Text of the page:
Tennis is not a metaphor for life, somebody says in Anna Ziegler’s new play The Last Match, now in its world premiere at the Old Globe Theatre. “It’s just tennis.”
OK, fine. I’m ready to be guided by Ziegler’s dialogue. But, as allegory seems to keep leaking out at the edges of an otherwise standard sandwich of athletic aspirations, I realize the author is just demonstrating with this comment more of the mind games championship athletes play.
Tennis is a game about which I know little and care less. Life is what’s important. So: Tennis as Life.
The scene is the U.S. Open, with Wimbledon in England and other “opens” in Australia and France, one of the four biggest events on the pro tennis circuit. The opponents are the American Tim Porter, world’s reigning No. 1 player, and Sergei Sergeyev, a formidable younger Russian moving up the ranks quickly. History (tennis division) is waiting to be made.
Porter is feeling all of his 33 years plus the burden of growing his young family. Sergeyev’s battles are mostly in his head, where he must fight his natural rage, his frustration with delay, his bullying sense of entitlement. Each is tormented by doubts of strategy, of readiness, of support system fragilities. Etcetera.
The women in their lives are both comforting and challenging. Porter’s wife is worn out by failed pregnancies and frustrated envy over her own wrecked tennis career. Sergeyev’s fiancé is a complex tangle of, well, Russianness. Each represents – loudly, emotionally and uncensored – the demands of Real Life. So, make way for the metaphors.
Ultimately, these all are likeable, even admirable, characters worth rooting for. And they all may turn out winners in Life. But there can be but one winner on the court, so Ziegler has little choice but to go vague at the end. Somewhere, they may be volleying yet.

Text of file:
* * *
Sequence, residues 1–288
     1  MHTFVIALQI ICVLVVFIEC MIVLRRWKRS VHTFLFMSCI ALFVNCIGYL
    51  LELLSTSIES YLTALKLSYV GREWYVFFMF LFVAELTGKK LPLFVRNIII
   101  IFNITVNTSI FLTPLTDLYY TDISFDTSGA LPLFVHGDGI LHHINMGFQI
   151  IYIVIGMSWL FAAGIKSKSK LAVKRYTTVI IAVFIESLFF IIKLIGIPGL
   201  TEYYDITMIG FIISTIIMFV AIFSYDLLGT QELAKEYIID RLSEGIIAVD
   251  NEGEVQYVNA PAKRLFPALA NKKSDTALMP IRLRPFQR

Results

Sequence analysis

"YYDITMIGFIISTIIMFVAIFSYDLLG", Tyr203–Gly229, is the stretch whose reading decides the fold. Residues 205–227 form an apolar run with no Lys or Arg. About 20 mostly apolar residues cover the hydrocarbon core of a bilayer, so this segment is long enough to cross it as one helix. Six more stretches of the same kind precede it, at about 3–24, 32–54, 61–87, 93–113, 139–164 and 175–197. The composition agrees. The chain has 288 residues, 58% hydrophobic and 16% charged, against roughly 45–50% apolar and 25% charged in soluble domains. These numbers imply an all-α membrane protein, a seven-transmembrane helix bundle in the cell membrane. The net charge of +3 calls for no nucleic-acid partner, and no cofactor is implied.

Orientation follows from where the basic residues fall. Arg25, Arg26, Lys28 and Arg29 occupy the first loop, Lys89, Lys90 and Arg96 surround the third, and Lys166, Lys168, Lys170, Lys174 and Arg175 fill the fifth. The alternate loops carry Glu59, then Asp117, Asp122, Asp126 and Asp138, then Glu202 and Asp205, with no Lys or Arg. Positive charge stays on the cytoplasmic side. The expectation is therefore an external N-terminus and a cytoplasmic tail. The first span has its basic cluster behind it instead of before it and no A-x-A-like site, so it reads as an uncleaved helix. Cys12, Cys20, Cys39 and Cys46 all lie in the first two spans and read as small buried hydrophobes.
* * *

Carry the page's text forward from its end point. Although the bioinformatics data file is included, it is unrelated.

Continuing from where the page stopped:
The play is nicely crafted and mildly involving, perhaps more so for tennis people. But the staging is terrific. Director Gaye Taylor Upchurch has teased out ways to suggest sufficiently the tournament atmosphere even in the confined pit of the Globe’s White Theatre’s arena.
Set designer Tim Mackabee has made everything a grass-green at once comforting and tense, with careful attention to the tiniest of details. Nothing very specific, just a suggestive space, lit precisely by Bradley King and washed with inventive variations of crowd noise assembled by Bray Poor. Costumes, by Denitsa Bliznakova, are about what you’d expect. (Although don’t tennis player take off their warm-ups for games?)
What Taylor has done to fascinating effect is suggest the game itself. Her two actors are choreographed brilliantly in game movement suggestions that yield gracefully clear to the physical needs of all that metaphor. No tennis balls are present. They don’t even hold rackets. Thanks to the cleverness of director and designers, everything seems just natural.
Well, maybe not everything. Though Patrick J. Adams wears well a practiced gee-whiz charm as Tim, the champion’s body just isn’t there. Alex Mickiewicz as Sergei seems closer to the expected, but it’s hard to tell in those splashy crimson warm-ups. The ladies, by contrast, bring the hard-body level of the cast well above average.
As the American wife, Troian Bellisario faces the widest range of challenges, from near-hysteria to flirty sarcasm, but finds only a stereotype. Natalia Payne is responsible for so much boiling-over Russian underdog rant that her burning fuse is almost visible.
They’re all fine, actually. And from comments overheard in the departing audience, the tennis folk seem satisfied and even charmed. So, give some credit to Geoff Griffin, billed as the show’s “tennis consultant.”
Continues in the Old Globe’s Sheryl and Harvey White Theatre at 7 p.m. Tuesdays, Wednesdays and Sundays; at 8 p.m. Thursdays=Saturdays; and at 2 p.m. Saturdays and Sundays through March 13, 2016.